The two homeowners who testified for the County were also of the opinion that the proposed development would increase both drainage and traffic problems which already affected the area. With regard to the drainage problems, it is clear from the testimony of both homeowners that whatever the problems are that they are currently existing and have been for several years, even though Parcel B is currently undeveloped. The testimony further indicates that the pattern of drainage in the area is from west to east so that the properties in Thistle Creek have a higher elevation than Parcel B. Neither of the neighbors was familiar with provisions made for drainage in the proposed development of Parcel B. The County presented no other witnesses who testified to any problems with regard to drainage in the area.

With respect to traffic problems to be generated by the proposed PUD, the County also presented the testimony of a civil engineer employed by the County Highway Department. He had made traffic studies on Hobson Road, Greene Road and 75th Street and testified that the proposed development would substantially increase the traffic on all of these roads. In his opinion the proposed development would shorten the lifespan of the roads involved and would require that the surface of Greene Road be substantially changed and upgraded. He stated that the increase in the volume of traffic on Hobson Road would probably not require that it be converted from a two-lane highway to a four-lane highway. In his opinion, however, traffic signals would be necessary at either two or three points on Hobson Road, partly because children would have to cross Hobson Road from Parcel B in order to attend the school which would be located in Parcel A. In his opinion traffic signals would also be necessary at two places on 75th Street. He noted that 75th Street would have to be widened from a two-lane to a four-lane road to accommodate traffic from the development, but also admitted that the County already had plans to widen 75th Street to four lanes without regard to this particular development. He further testified that the development would cause a six-fold increase in the traffic accident rate on both Hobson Road and 75th Street if they were left as two-lane roads. At another point in his testimony, however, the witness indicated that there would be an increase in the traffic accident rate if the signalization were not properly done. He also testified that if Parcels B and C were developed as currently zoned, the present roads in the area would not be adequate. On cross-examination he admitted that he did not know that the County had already approved the PUD on Parcel A. It is not clear, therefore, whether his testimony with regard to the increase in the volume of traffic on Hobson Road reflects merely the increase to be generated by Parcel B alone or whether this includes the vehicles from both Parcels A and B. On cross-examination the planning and zoning expert called by plaintiffs testified that in his opinion the proposed development would not create a need for traffic lights on Hobson Road, but he admitted that he had not made any traffic counts on the roads in question.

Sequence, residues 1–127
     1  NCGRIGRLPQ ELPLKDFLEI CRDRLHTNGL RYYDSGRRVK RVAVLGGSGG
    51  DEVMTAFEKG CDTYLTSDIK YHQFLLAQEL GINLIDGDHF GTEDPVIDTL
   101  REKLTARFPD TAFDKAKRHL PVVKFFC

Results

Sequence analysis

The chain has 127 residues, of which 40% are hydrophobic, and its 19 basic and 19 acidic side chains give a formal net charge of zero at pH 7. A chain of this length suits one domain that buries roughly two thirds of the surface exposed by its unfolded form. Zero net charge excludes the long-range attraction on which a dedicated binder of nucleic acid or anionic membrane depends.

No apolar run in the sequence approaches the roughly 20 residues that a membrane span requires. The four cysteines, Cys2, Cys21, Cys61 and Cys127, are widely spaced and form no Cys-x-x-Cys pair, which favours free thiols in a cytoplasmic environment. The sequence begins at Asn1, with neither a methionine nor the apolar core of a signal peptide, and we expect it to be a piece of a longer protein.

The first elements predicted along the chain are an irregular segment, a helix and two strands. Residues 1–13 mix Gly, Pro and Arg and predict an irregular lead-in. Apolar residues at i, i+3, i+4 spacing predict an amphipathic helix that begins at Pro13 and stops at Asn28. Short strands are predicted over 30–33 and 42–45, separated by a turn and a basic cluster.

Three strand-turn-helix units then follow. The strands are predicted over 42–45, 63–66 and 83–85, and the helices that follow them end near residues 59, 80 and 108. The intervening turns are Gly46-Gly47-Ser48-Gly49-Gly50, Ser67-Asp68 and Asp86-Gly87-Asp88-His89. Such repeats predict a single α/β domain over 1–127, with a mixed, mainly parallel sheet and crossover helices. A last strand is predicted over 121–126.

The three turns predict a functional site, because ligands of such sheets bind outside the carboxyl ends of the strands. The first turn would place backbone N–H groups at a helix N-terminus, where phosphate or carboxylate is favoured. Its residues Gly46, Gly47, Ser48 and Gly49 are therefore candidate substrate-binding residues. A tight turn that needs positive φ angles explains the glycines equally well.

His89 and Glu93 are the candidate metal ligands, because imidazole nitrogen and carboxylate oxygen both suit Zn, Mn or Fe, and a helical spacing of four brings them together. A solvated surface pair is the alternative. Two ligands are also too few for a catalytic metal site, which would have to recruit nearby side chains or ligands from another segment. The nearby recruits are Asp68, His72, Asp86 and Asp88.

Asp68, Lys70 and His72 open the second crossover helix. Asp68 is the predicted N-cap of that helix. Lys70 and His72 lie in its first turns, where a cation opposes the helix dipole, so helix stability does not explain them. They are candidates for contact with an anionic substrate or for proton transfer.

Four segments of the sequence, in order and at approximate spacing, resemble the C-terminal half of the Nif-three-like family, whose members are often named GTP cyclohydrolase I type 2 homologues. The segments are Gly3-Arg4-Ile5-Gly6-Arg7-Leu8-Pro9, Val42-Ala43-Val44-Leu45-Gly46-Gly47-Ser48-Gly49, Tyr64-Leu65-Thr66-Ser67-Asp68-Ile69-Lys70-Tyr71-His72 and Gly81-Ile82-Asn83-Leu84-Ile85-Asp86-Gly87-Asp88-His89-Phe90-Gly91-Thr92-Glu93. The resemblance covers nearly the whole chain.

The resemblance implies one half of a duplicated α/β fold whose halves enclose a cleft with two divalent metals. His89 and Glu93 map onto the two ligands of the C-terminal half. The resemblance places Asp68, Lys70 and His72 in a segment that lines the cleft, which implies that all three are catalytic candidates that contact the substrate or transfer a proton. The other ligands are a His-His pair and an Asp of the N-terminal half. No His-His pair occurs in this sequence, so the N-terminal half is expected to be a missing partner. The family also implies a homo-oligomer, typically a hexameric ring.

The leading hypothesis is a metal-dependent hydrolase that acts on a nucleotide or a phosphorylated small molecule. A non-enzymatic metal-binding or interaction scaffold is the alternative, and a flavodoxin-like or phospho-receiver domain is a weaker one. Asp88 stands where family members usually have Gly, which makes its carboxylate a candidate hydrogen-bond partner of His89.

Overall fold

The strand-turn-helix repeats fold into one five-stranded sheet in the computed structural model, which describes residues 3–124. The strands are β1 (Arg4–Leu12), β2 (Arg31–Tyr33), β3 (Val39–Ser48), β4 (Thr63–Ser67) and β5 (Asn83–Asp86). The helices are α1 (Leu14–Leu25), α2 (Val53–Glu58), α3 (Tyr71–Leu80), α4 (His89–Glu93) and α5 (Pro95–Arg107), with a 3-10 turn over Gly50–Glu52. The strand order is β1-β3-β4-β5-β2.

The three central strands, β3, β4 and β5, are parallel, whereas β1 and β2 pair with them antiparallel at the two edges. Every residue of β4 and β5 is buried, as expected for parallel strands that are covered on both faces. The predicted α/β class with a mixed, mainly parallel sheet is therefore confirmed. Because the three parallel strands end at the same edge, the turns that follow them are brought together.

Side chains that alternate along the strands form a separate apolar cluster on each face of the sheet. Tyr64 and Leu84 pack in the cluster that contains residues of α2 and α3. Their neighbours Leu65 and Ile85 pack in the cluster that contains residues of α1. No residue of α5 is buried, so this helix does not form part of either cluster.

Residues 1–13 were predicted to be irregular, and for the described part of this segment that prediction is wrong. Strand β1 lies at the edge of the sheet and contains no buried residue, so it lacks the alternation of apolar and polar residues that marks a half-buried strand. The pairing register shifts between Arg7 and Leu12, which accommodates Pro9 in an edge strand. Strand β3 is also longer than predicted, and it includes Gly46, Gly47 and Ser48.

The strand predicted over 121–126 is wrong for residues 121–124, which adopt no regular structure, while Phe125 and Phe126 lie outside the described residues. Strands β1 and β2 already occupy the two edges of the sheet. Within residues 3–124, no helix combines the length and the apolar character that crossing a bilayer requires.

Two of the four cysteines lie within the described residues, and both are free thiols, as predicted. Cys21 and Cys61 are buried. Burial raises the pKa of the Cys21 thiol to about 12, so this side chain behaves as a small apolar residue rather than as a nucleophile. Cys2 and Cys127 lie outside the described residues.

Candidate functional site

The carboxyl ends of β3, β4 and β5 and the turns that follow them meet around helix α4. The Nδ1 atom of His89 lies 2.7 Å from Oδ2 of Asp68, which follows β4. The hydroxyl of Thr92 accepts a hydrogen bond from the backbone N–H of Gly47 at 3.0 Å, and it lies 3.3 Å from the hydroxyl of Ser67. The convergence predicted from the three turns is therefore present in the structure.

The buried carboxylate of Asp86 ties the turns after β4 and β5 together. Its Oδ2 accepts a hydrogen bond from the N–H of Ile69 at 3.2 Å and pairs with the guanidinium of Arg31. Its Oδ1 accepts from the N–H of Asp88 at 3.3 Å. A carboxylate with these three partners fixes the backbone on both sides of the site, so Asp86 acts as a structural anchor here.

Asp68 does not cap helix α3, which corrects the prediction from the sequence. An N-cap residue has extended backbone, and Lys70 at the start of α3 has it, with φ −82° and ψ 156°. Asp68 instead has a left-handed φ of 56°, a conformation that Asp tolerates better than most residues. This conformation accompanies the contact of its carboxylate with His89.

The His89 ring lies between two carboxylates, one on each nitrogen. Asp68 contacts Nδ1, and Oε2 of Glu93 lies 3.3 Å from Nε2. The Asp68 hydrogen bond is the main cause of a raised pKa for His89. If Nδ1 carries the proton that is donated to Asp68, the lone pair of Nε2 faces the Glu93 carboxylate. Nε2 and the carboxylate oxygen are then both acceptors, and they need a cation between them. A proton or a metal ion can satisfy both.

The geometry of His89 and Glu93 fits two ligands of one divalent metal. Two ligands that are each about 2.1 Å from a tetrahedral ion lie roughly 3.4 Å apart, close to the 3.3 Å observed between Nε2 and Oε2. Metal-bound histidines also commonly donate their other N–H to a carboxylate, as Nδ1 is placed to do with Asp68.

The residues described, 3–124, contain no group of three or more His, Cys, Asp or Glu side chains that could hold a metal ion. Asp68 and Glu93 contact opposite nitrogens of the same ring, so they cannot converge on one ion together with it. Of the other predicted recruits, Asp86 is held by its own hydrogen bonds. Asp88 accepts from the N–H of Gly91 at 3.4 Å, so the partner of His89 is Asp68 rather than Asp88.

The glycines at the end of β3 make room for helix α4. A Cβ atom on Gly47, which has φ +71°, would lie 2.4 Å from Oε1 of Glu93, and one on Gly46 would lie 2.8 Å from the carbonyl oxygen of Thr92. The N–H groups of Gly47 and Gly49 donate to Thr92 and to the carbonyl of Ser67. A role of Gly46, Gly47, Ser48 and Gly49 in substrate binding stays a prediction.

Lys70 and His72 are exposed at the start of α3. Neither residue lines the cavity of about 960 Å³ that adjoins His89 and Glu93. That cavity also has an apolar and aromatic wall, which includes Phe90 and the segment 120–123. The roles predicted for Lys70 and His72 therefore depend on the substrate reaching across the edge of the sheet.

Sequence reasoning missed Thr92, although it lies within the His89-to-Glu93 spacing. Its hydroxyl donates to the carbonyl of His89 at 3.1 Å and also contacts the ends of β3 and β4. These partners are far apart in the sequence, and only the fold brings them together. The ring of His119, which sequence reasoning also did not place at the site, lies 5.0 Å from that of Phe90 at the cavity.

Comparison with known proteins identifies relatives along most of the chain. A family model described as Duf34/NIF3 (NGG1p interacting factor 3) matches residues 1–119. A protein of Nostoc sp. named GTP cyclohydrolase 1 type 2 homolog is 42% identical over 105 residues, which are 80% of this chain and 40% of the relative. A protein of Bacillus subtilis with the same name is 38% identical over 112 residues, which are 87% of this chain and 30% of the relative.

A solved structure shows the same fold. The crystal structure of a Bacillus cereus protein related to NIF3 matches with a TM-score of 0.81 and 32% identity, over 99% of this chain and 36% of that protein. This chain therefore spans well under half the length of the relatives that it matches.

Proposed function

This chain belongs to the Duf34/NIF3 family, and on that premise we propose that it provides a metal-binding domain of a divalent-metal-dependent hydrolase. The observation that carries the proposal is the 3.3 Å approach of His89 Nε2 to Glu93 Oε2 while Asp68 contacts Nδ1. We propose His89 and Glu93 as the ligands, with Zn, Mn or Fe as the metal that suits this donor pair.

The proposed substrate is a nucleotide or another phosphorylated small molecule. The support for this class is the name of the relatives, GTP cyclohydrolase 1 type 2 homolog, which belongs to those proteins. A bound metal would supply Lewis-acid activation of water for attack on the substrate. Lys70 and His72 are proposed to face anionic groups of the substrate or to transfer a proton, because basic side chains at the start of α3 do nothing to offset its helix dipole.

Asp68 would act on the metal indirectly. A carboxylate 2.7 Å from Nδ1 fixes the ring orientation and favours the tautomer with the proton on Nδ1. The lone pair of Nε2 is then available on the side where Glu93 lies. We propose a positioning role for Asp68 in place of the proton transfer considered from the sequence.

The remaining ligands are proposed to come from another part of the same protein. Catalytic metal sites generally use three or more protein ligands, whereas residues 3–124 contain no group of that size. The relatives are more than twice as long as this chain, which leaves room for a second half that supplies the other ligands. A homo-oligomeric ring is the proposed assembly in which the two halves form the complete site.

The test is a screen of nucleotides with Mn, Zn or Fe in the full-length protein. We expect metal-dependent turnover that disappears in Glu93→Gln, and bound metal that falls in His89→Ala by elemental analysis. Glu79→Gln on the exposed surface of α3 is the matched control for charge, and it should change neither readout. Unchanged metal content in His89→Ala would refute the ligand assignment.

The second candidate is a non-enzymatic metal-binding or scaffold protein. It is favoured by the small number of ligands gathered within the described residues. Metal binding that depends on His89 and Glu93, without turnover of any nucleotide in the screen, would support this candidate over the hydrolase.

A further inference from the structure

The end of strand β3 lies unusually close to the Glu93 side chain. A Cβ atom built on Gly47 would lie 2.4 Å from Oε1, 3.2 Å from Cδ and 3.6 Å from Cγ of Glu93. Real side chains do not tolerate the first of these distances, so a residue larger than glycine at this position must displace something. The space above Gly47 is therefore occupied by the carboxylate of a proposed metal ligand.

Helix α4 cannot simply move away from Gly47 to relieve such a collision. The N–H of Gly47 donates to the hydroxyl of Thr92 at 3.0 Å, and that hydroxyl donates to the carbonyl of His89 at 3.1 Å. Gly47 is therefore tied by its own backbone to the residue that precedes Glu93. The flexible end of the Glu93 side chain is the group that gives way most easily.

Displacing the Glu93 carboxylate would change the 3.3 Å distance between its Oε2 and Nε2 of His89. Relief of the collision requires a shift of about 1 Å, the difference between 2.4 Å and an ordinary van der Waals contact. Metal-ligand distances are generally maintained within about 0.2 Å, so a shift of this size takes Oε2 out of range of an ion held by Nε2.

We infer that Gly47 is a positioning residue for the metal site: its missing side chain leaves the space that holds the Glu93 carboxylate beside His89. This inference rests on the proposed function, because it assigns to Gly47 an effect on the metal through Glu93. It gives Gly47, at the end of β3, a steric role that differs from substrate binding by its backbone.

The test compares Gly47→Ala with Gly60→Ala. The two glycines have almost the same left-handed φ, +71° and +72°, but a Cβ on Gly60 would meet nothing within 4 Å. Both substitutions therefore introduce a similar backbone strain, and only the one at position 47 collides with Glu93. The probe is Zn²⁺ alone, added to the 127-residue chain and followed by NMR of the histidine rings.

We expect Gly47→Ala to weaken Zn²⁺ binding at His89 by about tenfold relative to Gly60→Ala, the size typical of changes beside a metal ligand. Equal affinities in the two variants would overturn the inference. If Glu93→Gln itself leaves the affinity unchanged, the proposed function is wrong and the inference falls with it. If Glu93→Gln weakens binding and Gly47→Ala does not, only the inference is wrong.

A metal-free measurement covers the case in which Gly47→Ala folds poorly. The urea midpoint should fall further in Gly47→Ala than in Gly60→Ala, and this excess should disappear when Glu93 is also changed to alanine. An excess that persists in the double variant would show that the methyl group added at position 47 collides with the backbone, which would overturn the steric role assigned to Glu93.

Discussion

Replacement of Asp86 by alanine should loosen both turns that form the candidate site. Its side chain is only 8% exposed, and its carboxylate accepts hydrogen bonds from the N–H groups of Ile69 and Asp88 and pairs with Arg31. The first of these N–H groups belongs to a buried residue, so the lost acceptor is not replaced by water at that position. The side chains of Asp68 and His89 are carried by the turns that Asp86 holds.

• 1, 2 There is, of course, a presumption in favor of the validity of a zoning ordinance and the party attacking it must prove by clear and convincing evidence that the ordinance, as applied, is arbitrary and unreasonable and bears no substantial relation to the public health, safety or welfare. (See, e.g., Tomasek v. City of Des Plaines (1976), 64 Ill.2d 172, 354 N.E.2d 899; La Salle National Bank v. City of Evanston (1974), 57 Ill.2d 415, 312 N.E.2d 625.) The factors to be considered in determining the validity of a zoning ordinance are well established and we will not lengthen this opinion by repeating them here. (See, e.g., Duggan v. County of Cook (1975), 60 Ill.2d 107, 324 N.E.2d 406; La Salle National Bank v. County of Cook (1957), 12 Ill.2d 40, 145 N.E.2d 65.) It is also clear that when it is shown that there is no reasonable basis in the public welfare which requires the limitation imposed and the resulting loss to the property owner, the ordinance falls and the presumption of validity is dissipated. (La Salle National Bank v. County of Cook; Aurora National Bank v. City of Aurora (1976), 41 Ill. App.3d 239, 353 N.E.2d 61.) Although the legislative determination is conclusive if there is room for a difference of opinion as to the reasonableness of the zoning classification, mere differences of opinion do not require that the court find that the reasonableness of the ordinance is debatable and uphold it. (Aurora National Bank v. City of Aurora.) In a trial without a jury the trial court is in a ...